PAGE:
Linked by Thom Holwerda on Thu 28th May 2009 14:23 UTC, submitted by hotice
KDE While most people focus on Microsoft Office and OpenOffice.org as being each other's competitors, there's a third player in this market: KOffice. While KOffice is obviously geared towards use on KDE, it's available for Windows, Mac OS X, and GNOME-based distributions as well, making it much more platform-independent than Microsoft's Office suite. Version 2.0.0 was released today, and comes with a whole boatload of improvements.
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RE[3]: good news
by boudewijn on Thu 28th May 2009 20:59 UTC in reply to "RE[2]: good news"
boudewijn
Member since:
2006-03-05

"it's bad enough for a new user that some of the apps have overly vague names. kexi? krita? karbon?"

Well, you know, all the good names are already taken. MyPaint, YouPaint, TheyPaint, ItPaint, WePaint...

Krita used to be called KImageShop -- guess what? We were sued. Not too surprising really. KImageShop was renamed to Krayon. You know what? We were sued. By Freiherr-let's-pose-as-a-poor-teenage-girl-to-catch-c64-tape-pirates- von Gravenreuth on behalf of a website that peddled e-cards and was called Crayon. Kandinsky was mooted for a new name. There's already an Atari ST graphics application of that name. Krita means "to draw" or "chalk" in Swedish, so it's at least somewhat on topic. And we're getting quite a good name recognition, plus, google alerts on "krita" generally are about krita. When they are not about an American nurse for the elderly of Indonesian extraction, that is.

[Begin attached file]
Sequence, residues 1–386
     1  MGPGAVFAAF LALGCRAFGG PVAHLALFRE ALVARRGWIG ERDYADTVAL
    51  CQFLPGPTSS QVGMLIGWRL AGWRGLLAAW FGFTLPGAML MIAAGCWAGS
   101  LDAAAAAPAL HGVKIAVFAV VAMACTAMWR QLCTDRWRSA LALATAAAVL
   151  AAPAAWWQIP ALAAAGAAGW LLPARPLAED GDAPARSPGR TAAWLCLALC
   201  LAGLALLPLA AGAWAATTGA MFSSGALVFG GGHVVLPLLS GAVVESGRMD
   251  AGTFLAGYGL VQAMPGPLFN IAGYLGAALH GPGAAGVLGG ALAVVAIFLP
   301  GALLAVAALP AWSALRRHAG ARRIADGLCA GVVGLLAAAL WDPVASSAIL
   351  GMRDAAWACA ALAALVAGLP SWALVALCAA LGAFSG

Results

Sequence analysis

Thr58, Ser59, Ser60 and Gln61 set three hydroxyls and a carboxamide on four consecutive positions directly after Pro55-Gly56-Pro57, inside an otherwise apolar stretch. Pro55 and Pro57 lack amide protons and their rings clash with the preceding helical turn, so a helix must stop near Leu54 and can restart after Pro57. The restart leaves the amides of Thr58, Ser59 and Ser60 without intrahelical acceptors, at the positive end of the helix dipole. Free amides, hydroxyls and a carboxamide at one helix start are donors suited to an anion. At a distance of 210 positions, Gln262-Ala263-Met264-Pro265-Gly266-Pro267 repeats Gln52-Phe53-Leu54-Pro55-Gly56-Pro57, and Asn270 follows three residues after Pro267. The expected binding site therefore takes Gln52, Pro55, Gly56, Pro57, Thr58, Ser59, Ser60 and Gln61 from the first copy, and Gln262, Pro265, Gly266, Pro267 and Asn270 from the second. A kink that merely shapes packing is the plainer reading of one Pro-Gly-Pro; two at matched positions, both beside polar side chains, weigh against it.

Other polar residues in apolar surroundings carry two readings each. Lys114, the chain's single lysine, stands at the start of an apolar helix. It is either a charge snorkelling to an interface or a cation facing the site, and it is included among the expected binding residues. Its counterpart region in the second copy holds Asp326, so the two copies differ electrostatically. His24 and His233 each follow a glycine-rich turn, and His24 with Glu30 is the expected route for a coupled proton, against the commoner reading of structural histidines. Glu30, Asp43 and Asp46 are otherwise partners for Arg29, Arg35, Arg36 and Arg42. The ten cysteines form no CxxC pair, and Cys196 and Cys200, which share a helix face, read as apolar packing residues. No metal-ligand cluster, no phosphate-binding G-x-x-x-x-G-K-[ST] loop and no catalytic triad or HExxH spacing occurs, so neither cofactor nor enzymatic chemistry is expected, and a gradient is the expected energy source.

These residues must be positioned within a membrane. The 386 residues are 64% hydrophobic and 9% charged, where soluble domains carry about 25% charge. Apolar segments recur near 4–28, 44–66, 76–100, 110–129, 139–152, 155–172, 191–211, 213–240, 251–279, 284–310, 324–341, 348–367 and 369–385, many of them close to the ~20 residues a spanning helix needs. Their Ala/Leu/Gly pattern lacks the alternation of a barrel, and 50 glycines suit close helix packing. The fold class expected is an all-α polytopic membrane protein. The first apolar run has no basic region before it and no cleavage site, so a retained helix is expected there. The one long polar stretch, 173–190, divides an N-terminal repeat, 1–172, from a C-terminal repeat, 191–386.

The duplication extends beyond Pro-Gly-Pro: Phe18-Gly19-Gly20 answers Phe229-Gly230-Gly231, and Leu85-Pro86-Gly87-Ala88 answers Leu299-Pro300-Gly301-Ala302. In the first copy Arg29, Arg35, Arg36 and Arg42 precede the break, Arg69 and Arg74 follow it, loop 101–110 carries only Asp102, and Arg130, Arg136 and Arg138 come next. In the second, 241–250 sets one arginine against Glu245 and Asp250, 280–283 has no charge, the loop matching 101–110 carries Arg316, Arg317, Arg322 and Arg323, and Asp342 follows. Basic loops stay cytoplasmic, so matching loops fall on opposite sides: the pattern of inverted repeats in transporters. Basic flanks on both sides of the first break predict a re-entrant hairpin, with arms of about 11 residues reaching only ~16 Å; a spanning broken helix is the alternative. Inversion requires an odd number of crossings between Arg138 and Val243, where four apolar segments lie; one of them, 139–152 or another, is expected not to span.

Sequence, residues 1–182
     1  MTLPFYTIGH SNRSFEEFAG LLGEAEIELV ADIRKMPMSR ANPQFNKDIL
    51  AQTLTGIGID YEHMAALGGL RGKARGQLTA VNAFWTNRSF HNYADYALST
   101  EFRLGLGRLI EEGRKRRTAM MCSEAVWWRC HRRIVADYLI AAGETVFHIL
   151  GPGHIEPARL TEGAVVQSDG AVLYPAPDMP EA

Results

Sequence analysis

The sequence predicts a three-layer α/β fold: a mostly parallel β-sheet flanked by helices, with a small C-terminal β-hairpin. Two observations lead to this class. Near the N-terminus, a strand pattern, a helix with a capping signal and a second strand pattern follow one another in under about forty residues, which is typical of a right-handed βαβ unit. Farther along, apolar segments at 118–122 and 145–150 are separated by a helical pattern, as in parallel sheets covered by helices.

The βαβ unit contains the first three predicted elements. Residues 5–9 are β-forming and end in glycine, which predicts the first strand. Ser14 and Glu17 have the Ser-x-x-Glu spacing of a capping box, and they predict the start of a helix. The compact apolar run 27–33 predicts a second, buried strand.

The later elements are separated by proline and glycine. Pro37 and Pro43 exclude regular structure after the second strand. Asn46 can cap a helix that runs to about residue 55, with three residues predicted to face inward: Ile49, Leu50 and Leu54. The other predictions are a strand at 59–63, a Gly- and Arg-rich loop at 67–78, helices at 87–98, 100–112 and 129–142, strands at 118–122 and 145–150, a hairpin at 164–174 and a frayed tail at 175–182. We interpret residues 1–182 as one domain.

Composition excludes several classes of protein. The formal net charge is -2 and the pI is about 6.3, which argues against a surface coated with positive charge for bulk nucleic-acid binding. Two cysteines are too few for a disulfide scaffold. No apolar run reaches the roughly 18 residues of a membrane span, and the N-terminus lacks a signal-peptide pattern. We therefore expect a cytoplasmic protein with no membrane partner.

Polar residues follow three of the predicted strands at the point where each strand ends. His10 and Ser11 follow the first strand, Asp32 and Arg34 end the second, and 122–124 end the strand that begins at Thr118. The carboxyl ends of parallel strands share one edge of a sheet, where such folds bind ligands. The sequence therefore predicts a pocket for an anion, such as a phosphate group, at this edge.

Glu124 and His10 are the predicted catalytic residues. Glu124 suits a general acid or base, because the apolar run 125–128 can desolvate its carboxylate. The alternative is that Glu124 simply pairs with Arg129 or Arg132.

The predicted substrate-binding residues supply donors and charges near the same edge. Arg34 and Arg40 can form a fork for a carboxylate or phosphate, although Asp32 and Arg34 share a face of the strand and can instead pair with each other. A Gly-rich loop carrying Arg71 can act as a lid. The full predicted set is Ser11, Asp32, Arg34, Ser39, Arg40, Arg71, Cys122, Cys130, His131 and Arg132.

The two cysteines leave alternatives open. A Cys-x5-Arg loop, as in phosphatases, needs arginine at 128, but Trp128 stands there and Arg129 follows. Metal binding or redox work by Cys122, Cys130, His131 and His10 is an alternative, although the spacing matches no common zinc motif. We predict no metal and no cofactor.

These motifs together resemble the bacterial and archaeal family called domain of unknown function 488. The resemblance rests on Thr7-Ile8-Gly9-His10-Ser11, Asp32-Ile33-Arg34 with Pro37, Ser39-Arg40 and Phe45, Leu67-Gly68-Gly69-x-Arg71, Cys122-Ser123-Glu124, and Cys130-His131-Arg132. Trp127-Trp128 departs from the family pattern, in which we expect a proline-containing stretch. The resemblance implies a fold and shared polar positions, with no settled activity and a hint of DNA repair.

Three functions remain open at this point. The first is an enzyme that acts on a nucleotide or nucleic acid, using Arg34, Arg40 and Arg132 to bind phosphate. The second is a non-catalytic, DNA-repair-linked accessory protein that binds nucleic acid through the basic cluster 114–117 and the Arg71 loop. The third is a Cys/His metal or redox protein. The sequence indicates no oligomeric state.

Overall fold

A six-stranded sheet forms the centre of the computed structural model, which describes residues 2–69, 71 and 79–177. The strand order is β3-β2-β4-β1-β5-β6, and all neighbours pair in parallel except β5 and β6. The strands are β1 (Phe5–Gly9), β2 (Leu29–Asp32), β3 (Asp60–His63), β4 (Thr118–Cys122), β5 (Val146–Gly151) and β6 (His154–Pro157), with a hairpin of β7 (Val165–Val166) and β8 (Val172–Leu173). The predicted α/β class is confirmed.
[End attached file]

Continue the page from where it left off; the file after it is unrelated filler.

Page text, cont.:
And, frankly, the name PhotoShop doesn't really convey much to me about what the application does, nor does a name like Excel or Oracle help a lot.

I think you attach too much value to the descriptiveness of application names. Uniqueness is much more important, as is pronunciability or memorability. Krita, Kexi and Karbon do pretty good in those respects.

Reply Parent Score: 6